Twenty-six years after the first "why?", we are still answering the question with the same phrase..."because somebody ought to." Not only is the building worth saving, but so too is the legacy. The history of the depot is not the history of great acts. It is, in many respects, the embodiment of what Historian J.D. Furnace would have called "the history of the mundane, of the hearth...domestic history." It is, as noted above, the history of Sears mail orders from an early wishbook, of families traveling and returning, meeting loved ones, kissing loved ones goodbye. Not, per se, the history studied in school or printed in text books. It is, instead, a central thread woven in the local fabric. In 1913, Sanborn released a map of Christiansburg and Cambria. Depot Street started at Courthouse Square and wound around Zion Hill to Cambria, crossed the tracks and headed up hill to Yellow Sulphur Springs. The road running to the east passed the 1907/08 depot before circling the east side of Zion Hill and joining with Rock Road (now know as Roanoke Street). Wagons coming from Floyd came north on Franklin Street, crossed Courthouse Square, and continued around Zion Hill to reach the only shipping point for the entire County. Wagons from Riner came north up Five Points Road/ Main to Courthouse Square, turned left and followed the same route as those from Floyd. All shipping came through Cambria. A comparison of the two towns indicates that Cambria was the industrial center of Montgomery County, not surprising given the railroad. Cambria, like Lafayette, declined with changes in transportation and shipping modes and new routes that bypassed old patterns. The construction of Route 11, which followed Rock Road into Christiansburg from the east, joined with Main Street, and then wandered west towards Radford, and the coming of the truck signaled the decline of Cambria. The collection of china shops, jewelers, hardware stores, and general stores disappeared. Rather than remaining central to the County, Cambria became anonymous. When we bought the depot in 1983, very little of the Cambria Business District was left, destroyed by fire and neglect. Indeed, Cambria was no longer its own town, having been annexed by Christiansburg ten years earlier. This is the history worth saving. This is also the answer to "Why?" Do we want our history marked by a graceful old depot or by non-descript boxes distinguished only by the signage above the front entrance?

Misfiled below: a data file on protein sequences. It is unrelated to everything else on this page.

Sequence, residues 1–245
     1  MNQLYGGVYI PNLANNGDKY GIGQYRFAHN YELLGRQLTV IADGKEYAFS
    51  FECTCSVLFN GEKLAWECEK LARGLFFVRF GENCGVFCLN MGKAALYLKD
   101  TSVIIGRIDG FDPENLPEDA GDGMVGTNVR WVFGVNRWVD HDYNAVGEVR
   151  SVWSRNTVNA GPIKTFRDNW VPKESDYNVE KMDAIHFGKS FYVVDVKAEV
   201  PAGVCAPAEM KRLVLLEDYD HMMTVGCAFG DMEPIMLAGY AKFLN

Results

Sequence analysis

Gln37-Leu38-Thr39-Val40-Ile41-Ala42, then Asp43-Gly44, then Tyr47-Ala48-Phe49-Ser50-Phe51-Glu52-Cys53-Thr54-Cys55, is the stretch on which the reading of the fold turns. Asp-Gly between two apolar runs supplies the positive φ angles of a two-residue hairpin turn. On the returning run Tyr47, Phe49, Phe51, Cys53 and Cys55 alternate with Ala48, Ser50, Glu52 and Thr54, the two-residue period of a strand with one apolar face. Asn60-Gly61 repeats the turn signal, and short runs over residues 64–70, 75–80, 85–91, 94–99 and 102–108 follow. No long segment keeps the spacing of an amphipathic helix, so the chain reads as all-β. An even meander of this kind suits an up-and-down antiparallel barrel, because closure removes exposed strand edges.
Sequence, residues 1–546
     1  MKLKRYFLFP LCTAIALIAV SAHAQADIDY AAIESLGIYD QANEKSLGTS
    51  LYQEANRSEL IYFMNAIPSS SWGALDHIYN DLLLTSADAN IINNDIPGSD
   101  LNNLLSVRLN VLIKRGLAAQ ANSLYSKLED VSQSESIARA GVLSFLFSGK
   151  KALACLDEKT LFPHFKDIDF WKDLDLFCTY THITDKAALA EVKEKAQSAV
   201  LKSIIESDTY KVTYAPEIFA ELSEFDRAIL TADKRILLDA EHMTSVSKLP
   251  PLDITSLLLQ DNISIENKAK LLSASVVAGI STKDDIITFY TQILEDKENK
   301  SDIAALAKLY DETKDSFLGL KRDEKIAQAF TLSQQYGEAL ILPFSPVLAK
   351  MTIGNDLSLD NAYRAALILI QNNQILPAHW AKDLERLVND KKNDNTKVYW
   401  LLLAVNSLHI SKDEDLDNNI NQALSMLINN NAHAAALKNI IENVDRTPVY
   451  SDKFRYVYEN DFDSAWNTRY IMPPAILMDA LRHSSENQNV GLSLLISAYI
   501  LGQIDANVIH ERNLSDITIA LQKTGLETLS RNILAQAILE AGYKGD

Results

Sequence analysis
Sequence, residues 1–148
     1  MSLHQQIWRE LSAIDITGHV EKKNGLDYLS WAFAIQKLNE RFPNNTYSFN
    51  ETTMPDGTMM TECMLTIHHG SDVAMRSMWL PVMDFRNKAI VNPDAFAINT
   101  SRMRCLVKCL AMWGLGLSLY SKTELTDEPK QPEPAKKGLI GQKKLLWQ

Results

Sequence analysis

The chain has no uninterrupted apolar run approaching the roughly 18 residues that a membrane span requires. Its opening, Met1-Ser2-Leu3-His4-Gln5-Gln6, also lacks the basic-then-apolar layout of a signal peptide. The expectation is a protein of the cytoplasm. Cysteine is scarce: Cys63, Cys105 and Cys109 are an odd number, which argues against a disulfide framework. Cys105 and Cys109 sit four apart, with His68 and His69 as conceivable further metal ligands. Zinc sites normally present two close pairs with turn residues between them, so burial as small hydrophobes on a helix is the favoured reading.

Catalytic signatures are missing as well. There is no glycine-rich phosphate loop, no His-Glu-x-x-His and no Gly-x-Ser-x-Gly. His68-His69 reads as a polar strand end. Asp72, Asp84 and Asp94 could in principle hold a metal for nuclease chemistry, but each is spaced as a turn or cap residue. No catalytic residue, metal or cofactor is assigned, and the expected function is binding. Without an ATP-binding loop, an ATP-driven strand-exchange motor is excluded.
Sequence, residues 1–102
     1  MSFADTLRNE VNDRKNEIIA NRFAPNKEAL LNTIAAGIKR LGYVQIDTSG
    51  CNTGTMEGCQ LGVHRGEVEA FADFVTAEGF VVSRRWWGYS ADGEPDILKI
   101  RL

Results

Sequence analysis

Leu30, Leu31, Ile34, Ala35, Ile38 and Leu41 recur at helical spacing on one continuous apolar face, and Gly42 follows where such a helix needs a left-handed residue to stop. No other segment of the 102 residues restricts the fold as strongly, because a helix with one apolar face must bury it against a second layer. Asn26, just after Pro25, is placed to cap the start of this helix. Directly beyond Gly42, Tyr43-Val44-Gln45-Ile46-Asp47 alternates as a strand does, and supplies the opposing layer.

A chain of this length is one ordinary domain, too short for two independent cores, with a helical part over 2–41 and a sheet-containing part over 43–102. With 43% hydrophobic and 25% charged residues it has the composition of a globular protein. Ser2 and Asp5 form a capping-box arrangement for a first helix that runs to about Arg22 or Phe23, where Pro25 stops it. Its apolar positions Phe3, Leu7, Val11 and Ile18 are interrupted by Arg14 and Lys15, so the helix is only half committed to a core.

We are still dealing with the challenges presented by the depot and by the surroundings. Since 1983, the roadbed and the railbed have risen between 18 and 24 inches, so stormwater has become a constant threat. After surveying the damage from the flood on May 15th and mopping up the aftermath, we are now to the point of having to deal with the depot's surroundings. Now, as then, repeating the ruminations of my father, I sat at the kitchen table this morning, feeling a bit like Sisyphus, and played with a budget, trying to figure out how we were going to retrench the drainage way on the trackside of the building and construct berms and rain-gardens around the building. While the flood damage to the depot was not nearly as extensive as it was across the street at the Cambria Emporium, it effectively closed down our businesses for over a month. When it reopens in July to parents bringing children to see "what a real depot looked like," the Cambria Toy Station (the toy store established to support the longterm maintenance of the building and pay the land rental fee to the NSCorp--a fee that climbed from $680 dollars per year to $6000 last fall) will have relocated to the street-side waiting room and the workshop for Dorsett Publication and the museum and miniatures will reopen on the track-side. Perhaps by the end of the summer, we will have the berms and rain gardens built, replacing the front parking area with a small park and shifting parking to the street side of the depot. Even after 141 years, the depot is still a work in progress.

What will become of the depot and Cambria in the long run depends on a number of factors, not the least of which is for the broader community and for the Town of Christiansburg, to begin to look at historic areas and answer "Why?" with "because we ought to."

 

 

 


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Historic Cambria Depot
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Last Updated: 3 December, 2015